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EXPERT OPINION: Shopping for computers, with Bob Carlton


What’s the first mistake people make at a computer store? Too many people walk in and say, “Show me what you have.” What you should say is, “Here’s what I want to do on a comput- er.” Then the salesperson can ask a few more questions and recommend a machine that will serve your needs. Otherwise, the salesperson may only show you the cool - est or most expensive model. If you come in knowing what you need a computer for, that’ll make your shopping faster and more successful. A lot of consumers purchase with


their eyes—they’re attracted to the biggest or highest-end model. But if you’re not editing high-def movies, you don’t need massive power. Or if you use online “cloud” storage, like Flickr or DropBox, then hard-drive capacity is probably not an issue for you.


Does size matter? The second thing I ask customers is “How portable do you want your computer to be?” If you’re a student walk- ing from class to class, you don’t want a


big screen that’s awkward to carry. For e-mail and online research and writing papers, a 13-inch laptop is plenty. If you’re a graphic designer who needs a large monitor, you want a desktop model that stays in your office. For some people, the best advantage of a desktop is that it’s easy to mentally disconnect from it—you can literally walk away—but others want to feel connected wherever they go. For people who just e-mail and surf the Internet, a tablet such as an iPad is a great option. (I suspect that tablets will be the future of individual computing.) But if you’re trav- eling around and writing or blogging, a real keyboard might be easier for all that typing, so maybe a laptop is for you. For my self, I really like being connected; I take my laptop everywhere.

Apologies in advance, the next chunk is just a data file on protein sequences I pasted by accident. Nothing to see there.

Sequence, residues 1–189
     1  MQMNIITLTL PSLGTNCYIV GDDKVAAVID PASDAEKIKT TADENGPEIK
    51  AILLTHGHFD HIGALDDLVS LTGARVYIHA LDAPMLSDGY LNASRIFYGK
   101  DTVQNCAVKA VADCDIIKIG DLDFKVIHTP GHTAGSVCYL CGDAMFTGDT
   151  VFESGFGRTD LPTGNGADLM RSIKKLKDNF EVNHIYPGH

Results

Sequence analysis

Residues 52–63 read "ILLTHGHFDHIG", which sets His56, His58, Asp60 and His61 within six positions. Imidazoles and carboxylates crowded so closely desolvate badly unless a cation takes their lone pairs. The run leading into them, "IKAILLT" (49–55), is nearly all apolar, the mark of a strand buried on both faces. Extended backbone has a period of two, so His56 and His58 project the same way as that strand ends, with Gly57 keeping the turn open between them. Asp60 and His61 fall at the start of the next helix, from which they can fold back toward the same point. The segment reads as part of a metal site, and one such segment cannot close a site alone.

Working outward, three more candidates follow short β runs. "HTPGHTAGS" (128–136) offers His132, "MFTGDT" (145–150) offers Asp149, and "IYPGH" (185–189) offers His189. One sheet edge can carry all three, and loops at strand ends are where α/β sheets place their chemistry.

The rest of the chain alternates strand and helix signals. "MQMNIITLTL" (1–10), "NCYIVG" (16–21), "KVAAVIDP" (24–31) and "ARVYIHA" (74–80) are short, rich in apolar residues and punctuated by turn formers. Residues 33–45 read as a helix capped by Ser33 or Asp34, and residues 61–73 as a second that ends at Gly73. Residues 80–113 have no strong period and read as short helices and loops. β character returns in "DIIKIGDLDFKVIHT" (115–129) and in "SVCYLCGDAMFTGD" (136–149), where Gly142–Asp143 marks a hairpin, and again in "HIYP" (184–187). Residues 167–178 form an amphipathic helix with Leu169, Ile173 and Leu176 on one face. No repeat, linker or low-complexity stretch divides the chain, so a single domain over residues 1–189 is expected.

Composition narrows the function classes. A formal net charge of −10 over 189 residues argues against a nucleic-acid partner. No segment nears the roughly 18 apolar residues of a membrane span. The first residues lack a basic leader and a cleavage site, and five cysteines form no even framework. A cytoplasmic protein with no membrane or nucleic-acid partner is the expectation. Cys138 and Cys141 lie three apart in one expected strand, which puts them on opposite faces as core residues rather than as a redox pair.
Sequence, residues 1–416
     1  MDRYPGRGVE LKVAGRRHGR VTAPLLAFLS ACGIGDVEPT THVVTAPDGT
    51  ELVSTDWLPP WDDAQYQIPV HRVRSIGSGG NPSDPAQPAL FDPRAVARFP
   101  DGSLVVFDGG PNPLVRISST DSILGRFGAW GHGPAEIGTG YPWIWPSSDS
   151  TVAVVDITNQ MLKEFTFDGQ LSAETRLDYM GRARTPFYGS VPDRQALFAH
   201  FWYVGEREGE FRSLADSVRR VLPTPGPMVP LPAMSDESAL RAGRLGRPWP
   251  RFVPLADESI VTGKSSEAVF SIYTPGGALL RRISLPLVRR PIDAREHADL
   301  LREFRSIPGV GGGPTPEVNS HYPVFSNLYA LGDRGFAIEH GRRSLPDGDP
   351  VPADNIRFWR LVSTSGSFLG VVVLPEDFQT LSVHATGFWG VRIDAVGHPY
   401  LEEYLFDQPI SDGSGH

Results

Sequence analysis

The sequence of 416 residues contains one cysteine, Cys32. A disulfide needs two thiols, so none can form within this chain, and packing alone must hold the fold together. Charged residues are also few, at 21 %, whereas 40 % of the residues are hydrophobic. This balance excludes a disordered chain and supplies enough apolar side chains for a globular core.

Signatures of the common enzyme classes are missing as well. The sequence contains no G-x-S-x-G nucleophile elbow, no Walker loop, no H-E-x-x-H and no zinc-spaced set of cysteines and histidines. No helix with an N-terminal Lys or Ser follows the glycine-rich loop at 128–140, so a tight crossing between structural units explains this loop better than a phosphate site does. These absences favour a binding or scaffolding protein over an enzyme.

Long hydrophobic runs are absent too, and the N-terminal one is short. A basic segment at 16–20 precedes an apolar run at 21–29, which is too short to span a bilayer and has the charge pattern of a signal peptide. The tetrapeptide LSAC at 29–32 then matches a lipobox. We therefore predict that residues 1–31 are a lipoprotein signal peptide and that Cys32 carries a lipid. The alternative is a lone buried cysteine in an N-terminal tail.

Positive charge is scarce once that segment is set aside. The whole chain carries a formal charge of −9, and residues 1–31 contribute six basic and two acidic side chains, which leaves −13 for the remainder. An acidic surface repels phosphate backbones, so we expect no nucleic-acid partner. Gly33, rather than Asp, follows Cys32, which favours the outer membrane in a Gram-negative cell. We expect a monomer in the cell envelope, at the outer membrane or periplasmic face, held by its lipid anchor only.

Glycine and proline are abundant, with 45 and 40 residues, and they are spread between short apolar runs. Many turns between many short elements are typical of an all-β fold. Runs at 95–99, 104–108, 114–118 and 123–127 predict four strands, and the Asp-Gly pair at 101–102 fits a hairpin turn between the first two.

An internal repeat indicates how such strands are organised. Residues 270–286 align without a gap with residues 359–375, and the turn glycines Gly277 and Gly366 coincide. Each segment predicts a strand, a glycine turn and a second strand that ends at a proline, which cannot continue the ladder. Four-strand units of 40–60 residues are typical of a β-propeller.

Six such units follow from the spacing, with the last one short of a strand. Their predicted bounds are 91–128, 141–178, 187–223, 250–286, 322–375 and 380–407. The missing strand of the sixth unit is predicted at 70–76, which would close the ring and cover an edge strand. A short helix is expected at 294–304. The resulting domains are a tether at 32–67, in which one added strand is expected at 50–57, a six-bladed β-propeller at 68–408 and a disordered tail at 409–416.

What about software? A lot of applications are included with com puters or downloadable from the Internet, often for free. Doing some research ahead of time


will show you what’s available online and how it compares to what’s already inside computers. Then, when you’re at the store discussing what you want to do on your computer, you can decide if you need to buy any software at the same time.


And when the store offers one of those “extended warranties”? Buy it! I honestly believe a computer war- ranty is a great investment, especially for a portable. When you carry your computer around in a briefcase or knapsack, open it, close it, open it again . . . that’s a lot of han- dling, and parts could fail on you. I just hate to see a customer come back after a year because the computer has problems, and fixing it will cost half the price of the machine. A warranty covers you for three years. Of course, if you drop it off a bal- cony or spill liquid on it, that’s not “normal wear” that a warranty will cover. Also, before you buy, ask about the re- turn policy, just in case you find you bought something that’s not right for you. Some companies charge a 10 percent restocking fee to take back a computer—who wants to spend $100 to try out a computer that you have to box up and take back?


Bob Carlton has been the technology sales and Apple campus-store coordinator at the Skidmore Shop for five years; he also writes the SkidShop blog. Off-hours he’s in the rock band Dryer.


FALL 2011 SCOPE 9


MARK MCCARTY


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